Debra called Perwaiz’s office for a prescription to help with the pain. When the medicine didn’t work, she called again. According to Debra, she spoke with Perwaiz directly. “Women all over the world go through this,” he told her. “You are just going to have to get used to the pain.” She was so out of it that she let the comment go. “I didn’t have the wherewithal to chew his head off,” she told me.  

One day a friend called to check on her and was alarmed to hear Debra cursing and not making sense. The friend drove to Debra’s house, and when nobody came to the door, she persuaded the landlord to open it. Inside, Debra was lying down; her skin was turning blue, and her stomach was so distended that she looked nine months pregnant. Her friend called 911, and an ambulance rushed Debra back to Chesapeake Regional.

Debra wondered if she was dying. In her head, she could hear a hymn her grandmother used to sing: 

I know it was the blood,
I know it was the blood,
I know it was the blood for me;
One day when I was lost
He died upon the cross,
I know it was the blood for me.

At the hospital, Debra learned that Perwaiz had removed more than her ovaries: Her uterus, cervix, and fallopian tubes were gone too. A diagnostic scan showed that a large amount of fluid had built up in her abdomen, and labs indicated that she had severe acute renal failure. There was also a perforation in her bladder—one of six, she later learned, made during her surgery. She was in sepsis.

Debra remained in the hospital for several days. She slipped in and out of consciousness. At one point she thought she saw Perwaiz at the foot of her bed. He looked nervous to her; his hands were clasped. “He might have been praying, ‘Please live,’ ” Debra said.

Debra knew about the history of coerced sterilization in America, of doctors persuading women of color to undergo unnecessary hysterectomies or performing the surgeries against their will. She couldn’t help but see her case in that context.

She did live. She had to wear a catheter for several weeks, but she got better. The long recovery gave Debra time to think on what she wanted to do about the man who had hurt her. “I’m gonna get this motherfucker—that’s how I was feeling in my head,” she said. “You don’t want to mess with me. I got teeth. I spit sulfuric acid.”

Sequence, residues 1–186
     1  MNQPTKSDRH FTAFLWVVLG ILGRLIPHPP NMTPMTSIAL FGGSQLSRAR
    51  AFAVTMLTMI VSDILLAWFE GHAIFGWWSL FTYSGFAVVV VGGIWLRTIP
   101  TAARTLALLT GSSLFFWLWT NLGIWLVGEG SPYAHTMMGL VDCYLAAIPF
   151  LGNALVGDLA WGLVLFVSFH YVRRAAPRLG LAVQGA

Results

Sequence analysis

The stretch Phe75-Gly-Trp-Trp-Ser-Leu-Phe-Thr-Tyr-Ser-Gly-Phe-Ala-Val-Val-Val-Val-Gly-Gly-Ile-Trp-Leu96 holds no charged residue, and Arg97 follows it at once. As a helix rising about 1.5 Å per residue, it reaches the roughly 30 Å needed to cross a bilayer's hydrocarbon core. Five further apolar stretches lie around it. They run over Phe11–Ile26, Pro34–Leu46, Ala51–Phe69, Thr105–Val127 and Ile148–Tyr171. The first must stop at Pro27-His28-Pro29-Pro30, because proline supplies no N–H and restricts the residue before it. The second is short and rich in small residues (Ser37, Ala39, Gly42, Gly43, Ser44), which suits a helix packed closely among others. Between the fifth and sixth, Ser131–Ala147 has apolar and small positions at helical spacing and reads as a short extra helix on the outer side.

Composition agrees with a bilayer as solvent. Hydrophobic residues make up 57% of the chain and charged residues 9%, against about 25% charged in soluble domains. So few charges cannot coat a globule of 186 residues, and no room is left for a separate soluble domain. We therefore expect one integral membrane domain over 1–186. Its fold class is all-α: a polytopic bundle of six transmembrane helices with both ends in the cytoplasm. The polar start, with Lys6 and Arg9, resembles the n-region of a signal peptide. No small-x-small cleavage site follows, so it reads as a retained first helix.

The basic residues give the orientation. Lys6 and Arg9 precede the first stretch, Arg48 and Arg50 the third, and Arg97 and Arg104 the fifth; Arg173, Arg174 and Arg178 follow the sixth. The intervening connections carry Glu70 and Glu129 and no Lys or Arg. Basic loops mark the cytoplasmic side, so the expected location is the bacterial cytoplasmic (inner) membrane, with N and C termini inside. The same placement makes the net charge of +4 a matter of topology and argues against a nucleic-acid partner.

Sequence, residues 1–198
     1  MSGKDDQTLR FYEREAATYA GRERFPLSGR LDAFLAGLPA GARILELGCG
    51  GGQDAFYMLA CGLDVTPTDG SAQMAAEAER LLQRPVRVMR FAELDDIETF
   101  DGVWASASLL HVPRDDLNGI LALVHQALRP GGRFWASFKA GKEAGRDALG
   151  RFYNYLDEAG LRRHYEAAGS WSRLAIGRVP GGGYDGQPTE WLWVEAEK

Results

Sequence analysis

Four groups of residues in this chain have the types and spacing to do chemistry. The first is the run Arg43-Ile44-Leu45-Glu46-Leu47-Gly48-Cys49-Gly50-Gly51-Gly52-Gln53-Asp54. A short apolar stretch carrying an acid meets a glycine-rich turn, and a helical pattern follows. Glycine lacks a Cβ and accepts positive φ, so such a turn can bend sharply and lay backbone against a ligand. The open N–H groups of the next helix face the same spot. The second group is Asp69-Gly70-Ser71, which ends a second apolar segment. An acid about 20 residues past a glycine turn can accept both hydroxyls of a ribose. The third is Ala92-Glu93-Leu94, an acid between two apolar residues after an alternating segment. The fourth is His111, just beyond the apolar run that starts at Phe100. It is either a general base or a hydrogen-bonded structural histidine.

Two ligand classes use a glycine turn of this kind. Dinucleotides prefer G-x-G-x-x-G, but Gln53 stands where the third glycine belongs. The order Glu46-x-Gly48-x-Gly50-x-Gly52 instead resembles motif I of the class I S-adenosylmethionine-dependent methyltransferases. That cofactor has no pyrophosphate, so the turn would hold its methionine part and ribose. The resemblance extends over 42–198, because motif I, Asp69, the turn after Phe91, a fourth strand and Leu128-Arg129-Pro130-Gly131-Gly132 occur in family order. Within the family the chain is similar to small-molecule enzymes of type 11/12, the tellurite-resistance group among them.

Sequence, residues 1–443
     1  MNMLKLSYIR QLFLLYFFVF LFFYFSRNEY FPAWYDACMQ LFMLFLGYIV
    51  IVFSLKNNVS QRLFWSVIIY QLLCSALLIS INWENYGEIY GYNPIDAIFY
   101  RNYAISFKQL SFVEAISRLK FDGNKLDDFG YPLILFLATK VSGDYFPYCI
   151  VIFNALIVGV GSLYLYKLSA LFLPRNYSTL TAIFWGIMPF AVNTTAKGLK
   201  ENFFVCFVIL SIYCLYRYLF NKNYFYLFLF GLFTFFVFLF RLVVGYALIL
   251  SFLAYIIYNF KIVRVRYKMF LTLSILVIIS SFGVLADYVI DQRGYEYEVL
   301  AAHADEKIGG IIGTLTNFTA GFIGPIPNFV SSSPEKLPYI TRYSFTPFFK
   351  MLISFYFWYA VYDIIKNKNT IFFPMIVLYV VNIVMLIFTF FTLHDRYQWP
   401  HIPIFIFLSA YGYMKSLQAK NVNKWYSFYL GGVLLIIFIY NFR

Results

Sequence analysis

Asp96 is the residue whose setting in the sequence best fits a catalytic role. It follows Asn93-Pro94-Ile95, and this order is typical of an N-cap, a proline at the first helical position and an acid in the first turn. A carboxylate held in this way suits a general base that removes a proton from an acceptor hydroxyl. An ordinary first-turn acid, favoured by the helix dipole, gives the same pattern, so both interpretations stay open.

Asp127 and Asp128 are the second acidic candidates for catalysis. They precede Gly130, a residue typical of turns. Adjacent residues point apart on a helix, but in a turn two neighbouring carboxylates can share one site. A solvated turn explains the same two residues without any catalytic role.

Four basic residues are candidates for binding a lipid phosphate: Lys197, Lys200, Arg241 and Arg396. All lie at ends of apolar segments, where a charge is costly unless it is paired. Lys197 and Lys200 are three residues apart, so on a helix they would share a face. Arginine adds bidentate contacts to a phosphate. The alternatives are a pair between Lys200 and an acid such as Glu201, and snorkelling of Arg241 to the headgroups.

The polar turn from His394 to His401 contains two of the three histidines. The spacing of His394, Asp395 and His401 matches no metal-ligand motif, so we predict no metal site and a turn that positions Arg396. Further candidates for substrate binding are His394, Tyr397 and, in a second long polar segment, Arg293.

She requested her medical records and was stunned to find discrepancies with what Perwaiz had said to her during appointments. Most glaringly, she didn’t see any mention of precancerous cells on her cervix; the tests Perwaiz performed on her had come back normal. “If I was normal,” Debra said, “why did I have a surgery?”

There were other inconsistencies. One form from an appointment described Debra complaining of back and pelvic pain, which she told me she never did. Another document dated the day before her surgery stated that she “insisted on having those ovaries removed through the abdominal wall incision and not vaginally,” and that the “consent obtained after entirely counseling the patient [was] for abdominal hysterectomy.” In fact, she had requested the opposite surgical approach, and she recalled no such conversation with Perwaiz; the only time she’d spoken with him in the lead-up to her procedure was in passing in the hospital hallway.

Debra was sure she had a malpractice case. She went to several lawyers, but none of them would take her on as a client. “So many men—man after man saying, ‘You had a decent amount of care, and that’s all you’re afforded,’ ” she said. Frustrated, she came up with a new plan: “I said, ‘Alright, I’m going to learn how to sue this bastard myself.’ ” (Perwaiz declined to comment for this story.)

Debra enrolled in a paralegal program at Tidewater Community College. She learned how to research case law, how to write briefs, and how to file a suit. She didn’t have an Internet connection at home, so she used a law library at a nearby university to access everything she needed. She meticulously highlighted key phrases in her medical records and made notes in graceful cursive. When requesting materials for her case from health care providers, she signed emails “respectfully,” but she was not sorry to bother anyone. She followed up. She was tenacious. To get anything done, she knew that she had to rely on herself. “I was now acutely aware that people can’t be trusted,” she said.

As it is in much of the U.S., the statute of limitations for malpractice in the state of Virginia is two years from the date of occurrence. Debra filed her suit on December 23, 2014, six days shy of the cutoff. She asked for $1.5 million in punitive damages and to be compensated for loss of enjoyment of life, loss of the ability to reproduce, and diminished sexual intimacy, as well as lost wages and medical expenses.

Someone told her to file the suit in state court, but Debra declined. She knew about the history of coerced sterilization in America, of doctors persuading women of color to undergo unnecessary hysterectomies or performing the surgeries against their will. She couldn’t help but see her case in that context. She believed that the suit belonged in federal court because Perwaiz had violated her most fundamental rights.

A judge disagreed. In January 2015, Debra was asked to provide a valid reason why hers should be a federal case, and not one decided by a lower court. She responded with documentation explaining her position, but that May her case was dismissed for lack of jurisdiction. She appealed the decision, until one day she missed a filing deadline. According to Debra, she hadn’t received paperwork she needed to complete until the day before it was due, and there was no way she could get it to the court on time.

Just like that, her legal campaign to hold Perwaiz accountable was finished. But there were more patients like Debra, more women Perwaiz had injured. There were numerous dots waiting to be connected—someone just had to come along and do it.